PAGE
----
But, more often, Redis is not a bottle neck of you application. Before you start tuning make sure you have tested your hardware, network performance, optimized data structure.

Redis has a built-in benchmark tool, and it is a good idea to benchmark your setup before making any changes and after, compare the results and make a decision how to proceed.

To get detailed information about redis-benchmark follow this official documentation.

Tuning Linux for best performance with Redis

Enabling overcommit_memory

It’s the best practice to avoid out of memory space issues.

Memory overcommit must be enabled! Without it, a background save or replication may fail under low memory condition. Being disabled, it can can also cause failures without low memory condition. To fix this issue add 'vm.overcommitmemory = 1' to /etc/sysctl.conf and then reboot or run the command 'sysctl vm.overcommitmemory=1' for this to take effect. - you will get this warning in logs at redis startup if you have disabled memory overcommit.

To avoid it, run:

$ echo 1 > /proc/sys/vm/overcommit_memory
$ echo 'vm.overcommit_memory = 1' >> /etc/sysctl.conf

Set swappiness at the most reasonable weight

Swappiness is a kernel parameter that allows system administrators to adjust how often the system utilizes the swap system. It's a range of values from 0 to 100. The higher value tells kernel to swap more often, the lower value will keep inactive pages in memory longer.

As Redis is an in-memory database, it's good to have all it's data in memory, not in swap. The lowes value for swappiness may helps us. Try to play with the values lower than default.

To get the current value of swappiness just run

$ sysctl vm.swappiness


$ cat /proc/sys/vm/swappiness

for major Linux distributions this value is equivalent to 60.

try to change it to 40, 20, 10 or even 1.

Disabling Transparent Hugepages

Under normal circumstances, it's good to have hugepages enabled. But disabling THP may significantly improve Redis performance.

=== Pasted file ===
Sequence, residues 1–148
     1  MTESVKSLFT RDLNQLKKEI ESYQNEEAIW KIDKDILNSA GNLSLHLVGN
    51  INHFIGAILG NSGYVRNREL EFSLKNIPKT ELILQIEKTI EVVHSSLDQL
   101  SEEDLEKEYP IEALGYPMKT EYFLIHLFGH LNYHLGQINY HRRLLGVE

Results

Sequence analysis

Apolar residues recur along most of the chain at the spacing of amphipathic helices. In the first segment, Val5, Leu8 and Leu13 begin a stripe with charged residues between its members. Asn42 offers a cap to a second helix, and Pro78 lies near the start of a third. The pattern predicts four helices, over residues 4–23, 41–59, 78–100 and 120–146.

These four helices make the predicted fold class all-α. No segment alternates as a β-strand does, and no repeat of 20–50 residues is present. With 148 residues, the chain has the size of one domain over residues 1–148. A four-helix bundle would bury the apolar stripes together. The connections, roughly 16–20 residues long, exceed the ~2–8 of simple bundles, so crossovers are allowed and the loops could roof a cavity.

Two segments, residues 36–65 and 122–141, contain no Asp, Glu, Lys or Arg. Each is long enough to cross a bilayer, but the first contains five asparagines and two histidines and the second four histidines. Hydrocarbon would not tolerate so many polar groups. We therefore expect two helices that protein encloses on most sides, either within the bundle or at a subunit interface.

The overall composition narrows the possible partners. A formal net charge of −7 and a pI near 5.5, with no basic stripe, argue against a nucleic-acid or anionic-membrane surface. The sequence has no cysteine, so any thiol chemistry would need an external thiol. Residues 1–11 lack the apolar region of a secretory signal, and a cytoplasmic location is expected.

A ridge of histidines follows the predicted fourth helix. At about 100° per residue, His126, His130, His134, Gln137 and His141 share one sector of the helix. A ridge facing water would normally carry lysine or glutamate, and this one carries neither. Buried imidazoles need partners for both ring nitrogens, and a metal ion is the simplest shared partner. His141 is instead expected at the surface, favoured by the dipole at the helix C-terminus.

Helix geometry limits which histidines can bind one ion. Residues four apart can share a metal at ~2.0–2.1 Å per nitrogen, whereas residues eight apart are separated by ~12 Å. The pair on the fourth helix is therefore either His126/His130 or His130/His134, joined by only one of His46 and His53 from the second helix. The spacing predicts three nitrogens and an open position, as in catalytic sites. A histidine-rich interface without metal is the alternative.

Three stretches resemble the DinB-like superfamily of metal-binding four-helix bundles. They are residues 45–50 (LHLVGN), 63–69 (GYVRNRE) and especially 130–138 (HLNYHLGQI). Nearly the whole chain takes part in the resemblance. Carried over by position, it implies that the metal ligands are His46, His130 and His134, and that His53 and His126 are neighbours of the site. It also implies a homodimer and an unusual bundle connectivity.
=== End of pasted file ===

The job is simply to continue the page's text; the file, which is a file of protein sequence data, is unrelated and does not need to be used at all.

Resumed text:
To disable THP you can run

# echo never > /sys/kernel/mm/transparent_hugepage/enabled

This will stop creation and usage of the new THP. The THP which were created and used at the moment the above command was run would not be disabled. To get rid of THP completely the system should be rebooted with THP disabled at boot time.

Disabling THP at a boot time depends on your Linux distribution, but you can try the following ways:

Disabling THP via Grub configuration

Edit your boot loader (for example /etc/grub.conf). Add the following to the end of the kernel line. However, consult the documentation for your system before editing your boot loader configuration.


Disabling THP via systemd

systemd users can create a service called disable-transparent-huge-pages.service.

Just create a file /etc/systemd/system/disable-transparent-huge-pages.service

Description=Disable Transparent Huge Pages (THP)
After=sysinit.target local-fs.target
ExecStart=/bin/sh -c 'echo never | tee /sys/kernel/mm/transparent_hugepage/enabled > /dev/null'

Or you can nchoose any other way you would like better.

Tuning redis.conf for best performance

Memory Usage

Redis may use all of your available memory unless this is configured. It is a good idea to let Redis use up to 80% of your server memory.

maxmemory 13Gb

Setting eviction policies

If you use Redis as a cache engine, you should pay attention on key eviction policies. This is the behavior Redis follows when the maxmemory limit is reached.

maxmemory-policy volatile-lfu

works best for me, but I recomment follow this official documentation and choose the value which will work for you.

Persistence managing

When using Redis for persistence storage, the best option for optimal and performant Redis is to enable both AOF and RDB. RDB is enabled by default, to enable AOF just modify appendonly value.

appendonly yes

If you use Redis as a cache engine you can typically disable persistence by disabling AOF and RDB

appendonly no
save ""

Follow the official documentstion to find out how RDB and AOF work.